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House of Seven Gables

Thu, 05/16/2019 - 17:41

If you’re a fan of the American author Nathaniel Hawthorne, it may interest you to know that a house known as Seven Gables once stood on the corner of Main Street and Buell Lane next to what would later become the East Hampton Library. 

While Hawthorne’s “The House of the Seven Gables” focuses on themes of greed, love, curses, obsession, and murder within a creepy New England manse, the history of East Hampton’s Seven Gables is, thankfully, less ominous.

While many have lived at the corner property through the years, its most well-known resident was the Rev. Samuel Buell, who took ownership in 1746 when he was ordained as the third pastor of the East Hampton Presbyterian Church. By the 1850s, the property belonged to Timothy Hedges, whose house was supposedly modeled after one he had seen in England, with two and a half stories and five gables. After his death, the house belonged to various relatives, including his sister, Esther, and later his daughters, Mary Conger and Catharine Hedges.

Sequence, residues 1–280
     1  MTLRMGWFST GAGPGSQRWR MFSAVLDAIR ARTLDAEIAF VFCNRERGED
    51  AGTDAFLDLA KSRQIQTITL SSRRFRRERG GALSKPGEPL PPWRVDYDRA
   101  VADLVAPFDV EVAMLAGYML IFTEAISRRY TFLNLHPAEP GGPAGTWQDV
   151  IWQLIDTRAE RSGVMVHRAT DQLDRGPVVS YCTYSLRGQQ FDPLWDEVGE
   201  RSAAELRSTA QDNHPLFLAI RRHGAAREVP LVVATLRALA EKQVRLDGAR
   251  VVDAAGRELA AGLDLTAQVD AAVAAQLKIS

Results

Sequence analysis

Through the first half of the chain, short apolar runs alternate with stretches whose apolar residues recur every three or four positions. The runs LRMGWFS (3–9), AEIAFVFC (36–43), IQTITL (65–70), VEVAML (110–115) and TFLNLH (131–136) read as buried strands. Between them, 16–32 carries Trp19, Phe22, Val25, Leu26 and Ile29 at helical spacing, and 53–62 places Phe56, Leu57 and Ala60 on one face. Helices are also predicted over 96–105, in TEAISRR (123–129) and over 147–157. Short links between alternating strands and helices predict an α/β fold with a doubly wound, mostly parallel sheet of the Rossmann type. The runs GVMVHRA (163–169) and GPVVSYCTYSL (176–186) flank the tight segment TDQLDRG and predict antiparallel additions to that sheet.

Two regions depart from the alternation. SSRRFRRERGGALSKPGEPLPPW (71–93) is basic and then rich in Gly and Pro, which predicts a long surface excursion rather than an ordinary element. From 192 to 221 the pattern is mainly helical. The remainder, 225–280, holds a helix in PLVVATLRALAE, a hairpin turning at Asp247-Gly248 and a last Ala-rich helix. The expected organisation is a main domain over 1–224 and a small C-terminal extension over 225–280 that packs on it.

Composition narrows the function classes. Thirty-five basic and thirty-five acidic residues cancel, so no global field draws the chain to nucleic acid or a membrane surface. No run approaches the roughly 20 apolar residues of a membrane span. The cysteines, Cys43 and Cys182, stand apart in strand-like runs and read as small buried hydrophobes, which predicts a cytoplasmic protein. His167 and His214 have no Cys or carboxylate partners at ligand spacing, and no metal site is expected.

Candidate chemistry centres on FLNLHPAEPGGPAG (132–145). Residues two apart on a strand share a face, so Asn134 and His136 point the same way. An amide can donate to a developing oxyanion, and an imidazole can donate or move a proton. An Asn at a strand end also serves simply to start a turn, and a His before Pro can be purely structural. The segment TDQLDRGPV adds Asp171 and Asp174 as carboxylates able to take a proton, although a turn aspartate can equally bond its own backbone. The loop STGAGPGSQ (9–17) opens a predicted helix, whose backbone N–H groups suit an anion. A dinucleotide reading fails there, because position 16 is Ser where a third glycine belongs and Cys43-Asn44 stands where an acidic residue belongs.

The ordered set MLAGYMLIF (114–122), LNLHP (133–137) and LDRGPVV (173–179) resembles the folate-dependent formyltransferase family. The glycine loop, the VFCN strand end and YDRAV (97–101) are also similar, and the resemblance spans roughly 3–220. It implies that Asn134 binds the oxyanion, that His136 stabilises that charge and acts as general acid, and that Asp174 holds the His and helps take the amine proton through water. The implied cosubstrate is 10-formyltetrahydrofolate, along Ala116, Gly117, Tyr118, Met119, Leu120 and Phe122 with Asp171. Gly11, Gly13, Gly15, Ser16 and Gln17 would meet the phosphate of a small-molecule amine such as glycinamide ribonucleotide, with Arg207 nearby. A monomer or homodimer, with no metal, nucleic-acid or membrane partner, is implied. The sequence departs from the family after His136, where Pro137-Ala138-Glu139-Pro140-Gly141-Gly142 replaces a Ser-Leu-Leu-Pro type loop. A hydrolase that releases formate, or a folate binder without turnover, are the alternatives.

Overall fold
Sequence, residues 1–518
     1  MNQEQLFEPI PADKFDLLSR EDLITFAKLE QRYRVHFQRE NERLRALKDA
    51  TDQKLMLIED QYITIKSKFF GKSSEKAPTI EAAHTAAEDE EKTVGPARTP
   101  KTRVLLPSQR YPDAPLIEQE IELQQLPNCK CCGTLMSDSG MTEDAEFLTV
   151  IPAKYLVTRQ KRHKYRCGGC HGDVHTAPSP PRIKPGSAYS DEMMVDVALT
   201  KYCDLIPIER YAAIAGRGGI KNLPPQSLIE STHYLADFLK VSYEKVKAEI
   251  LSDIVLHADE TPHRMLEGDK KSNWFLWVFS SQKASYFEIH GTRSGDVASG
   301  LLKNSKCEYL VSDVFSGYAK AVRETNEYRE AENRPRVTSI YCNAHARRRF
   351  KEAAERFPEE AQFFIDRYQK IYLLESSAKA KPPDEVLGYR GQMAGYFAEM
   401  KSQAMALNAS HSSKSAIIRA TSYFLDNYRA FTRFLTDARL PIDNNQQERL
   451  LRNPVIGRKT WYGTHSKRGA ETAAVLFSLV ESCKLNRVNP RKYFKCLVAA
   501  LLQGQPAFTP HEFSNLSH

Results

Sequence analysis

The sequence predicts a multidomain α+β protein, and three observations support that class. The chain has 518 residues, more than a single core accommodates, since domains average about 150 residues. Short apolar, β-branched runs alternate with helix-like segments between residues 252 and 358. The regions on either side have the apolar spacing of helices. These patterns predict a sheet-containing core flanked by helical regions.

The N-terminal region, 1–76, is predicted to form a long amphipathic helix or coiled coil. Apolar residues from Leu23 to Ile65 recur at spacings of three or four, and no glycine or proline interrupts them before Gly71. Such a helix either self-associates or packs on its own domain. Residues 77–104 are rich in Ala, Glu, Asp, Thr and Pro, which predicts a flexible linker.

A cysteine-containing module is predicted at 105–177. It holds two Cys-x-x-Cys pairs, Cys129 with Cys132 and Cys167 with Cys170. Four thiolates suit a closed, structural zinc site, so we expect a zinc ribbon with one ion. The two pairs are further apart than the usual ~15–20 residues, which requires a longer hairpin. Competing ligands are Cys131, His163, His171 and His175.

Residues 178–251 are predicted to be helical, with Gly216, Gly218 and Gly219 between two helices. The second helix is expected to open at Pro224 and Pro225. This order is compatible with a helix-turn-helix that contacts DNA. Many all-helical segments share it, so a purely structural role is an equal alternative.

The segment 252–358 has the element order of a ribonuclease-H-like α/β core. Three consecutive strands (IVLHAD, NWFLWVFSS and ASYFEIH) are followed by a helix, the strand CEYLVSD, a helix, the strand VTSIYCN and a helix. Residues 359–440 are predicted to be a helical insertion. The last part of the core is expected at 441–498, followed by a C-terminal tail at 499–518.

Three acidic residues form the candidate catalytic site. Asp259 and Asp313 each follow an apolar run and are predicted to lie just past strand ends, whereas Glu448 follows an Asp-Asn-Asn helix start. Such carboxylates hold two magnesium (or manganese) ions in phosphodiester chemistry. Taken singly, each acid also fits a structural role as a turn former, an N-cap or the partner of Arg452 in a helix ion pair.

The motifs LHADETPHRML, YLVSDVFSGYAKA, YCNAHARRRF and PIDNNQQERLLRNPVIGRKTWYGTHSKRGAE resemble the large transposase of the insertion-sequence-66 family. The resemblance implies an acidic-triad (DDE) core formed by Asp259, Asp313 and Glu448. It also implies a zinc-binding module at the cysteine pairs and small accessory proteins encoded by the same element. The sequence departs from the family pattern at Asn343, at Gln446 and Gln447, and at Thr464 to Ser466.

In 1894, the house was sold to the family of Henry C. Stimson and Julia Atterbury Stimson of New Jersey, who had been summer boarders here since 1879. They had previously rented the house for six years before ultimately buying and remodeling it for use as a summer cottage. According to The East Hampton Star that year, the house was painted, a hedge was planted, trees were removed, and an elevator was installed.

Henry C. Stimson died shortly after the purchase, on Nov. 20, 1894, at the age of 82. His wife, Julia, died there in 1908, and ownership of the house was transferred to their daughter Mary Atterbury Stimson, who died 20 years later. The house then went to her sister, Catherine Boudinot Stimson Weston. Catherine’s husband, Theodore, was an architect who remodeled the house, adding two additional gables and naming it Seven Gables.

Catherine died in 1942 at the age of 97, and the property was subsequently purchased by the Osborne family, who had the house torn down and donated the land to the East Hampton Library for future expansion.

Gina Piastuck is the department head of the East Hampton Library’s Long Island Collection.

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